wherein R5, R6, R7 and R8 of the condensation reagents above are each independently selected from the group consisting of hydrogen, C1-C10 alkyl and C4-C10 aryl. The alkyl group may be either branched or linear.

The condensation reaction can be done in the presence of a pyridine derivative catalyst at room temperature for about 1-100 hrs. In some embodiments, a solvent, such as butyl acetate, chloroform, dichloromethylene, toluene or xylene, can also be used. In some embodiments, the reaction may be carried out without the catalyst at a solvent reflux temperature of 30° C. or above for about 1 to 100 hours.

In some embodiments, the non-linear optical device may comprise a copolymer that provides photoconductive (charge transport) ability and non-linear optical ability. The optical device may also include other components as desired, such as sensitizer and/or plasticizer components. Some embodiments provide a non-linear optical device that comprises a copolymer. The copolymer may comprise a first repeating unit that includes a first moiety with charge transport ability, a second repeating unit including a second moiety with non-linear-optical ability, and a third repeating unit that include a third moiety with plasticizing ability.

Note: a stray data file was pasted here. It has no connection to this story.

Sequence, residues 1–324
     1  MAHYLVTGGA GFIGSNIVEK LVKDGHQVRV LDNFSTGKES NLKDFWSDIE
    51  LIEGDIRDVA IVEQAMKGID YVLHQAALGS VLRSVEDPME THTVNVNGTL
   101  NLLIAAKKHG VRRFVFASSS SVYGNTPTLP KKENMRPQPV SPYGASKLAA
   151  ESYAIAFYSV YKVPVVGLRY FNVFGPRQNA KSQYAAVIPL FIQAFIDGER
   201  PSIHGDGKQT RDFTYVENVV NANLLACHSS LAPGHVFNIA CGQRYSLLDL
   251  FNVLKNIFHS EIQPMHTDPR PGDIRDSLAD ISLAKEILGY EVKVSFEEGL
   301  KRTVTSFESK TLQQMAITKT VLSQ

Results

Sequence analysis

Those having ordinary skill in the art, using routine experimentation guided by the disclosure herein, can vary the components of the polymer to make a photorefractive polymer that is sensitive to a green laser. For example, specific examples of polymers sensitive to a green laser are described in the examples below. Using such polymers as a starting point, those skilled in the art can use routine experimentation to identify other polymers that are also sensitive to a green laser. For example, the molecular weight of the polymer may be varied over a broad range. In addition, the ratio of differing types of repeating units may be varied to create a polymer that is sensitive to a green laser. For example the ratio of a first repeating unit that includes a first moiety with charge transport ability to a second repeating unit including a second moiety with non-linear-optical ability may be varied over a broad range. Additionally, a third repeating unit that includes a third moiety with plasticizing ability may further be provided in a variety of ratios to the first repeating unit and/or the second repeating unit.